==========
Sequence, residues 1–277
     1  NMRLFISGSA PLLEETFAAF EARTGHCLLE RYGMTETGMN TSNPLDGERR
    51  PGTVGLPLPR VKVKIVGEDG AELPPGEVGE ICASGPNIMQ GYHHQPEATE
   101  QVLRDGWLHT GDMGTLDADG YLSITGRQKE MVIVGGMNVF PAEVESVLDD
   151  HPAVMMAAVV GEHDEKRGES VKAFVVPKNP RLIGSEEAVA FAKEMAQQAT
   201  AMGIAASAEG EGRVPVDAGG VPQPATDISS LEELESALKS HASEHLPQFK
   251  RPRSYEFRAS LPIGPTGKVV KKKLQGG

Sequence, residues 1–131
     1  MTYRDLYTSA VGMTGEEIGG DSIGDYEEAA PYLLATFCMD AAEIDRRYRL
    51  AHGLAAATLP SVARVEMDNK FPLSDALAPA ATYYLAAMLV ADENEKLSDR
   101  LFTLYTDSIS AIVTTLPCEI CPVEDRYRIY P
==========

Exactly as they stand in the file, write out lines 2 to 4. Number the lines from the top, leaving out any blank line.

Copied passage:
     1  NMRLFISGSA PLLEETFAAF EARTGHCLLE RYGMTETGMN TSNPLDGERR
    51  PGTVGLPLPR VKVKIVGEDG AELPPGEVGE ICASGPNIMQ GYHHQPEATE
   101  QVLRDGWLHT GDMGTLDADG YLSITGRQKE MVIVGGMNVF PAEVESVLDD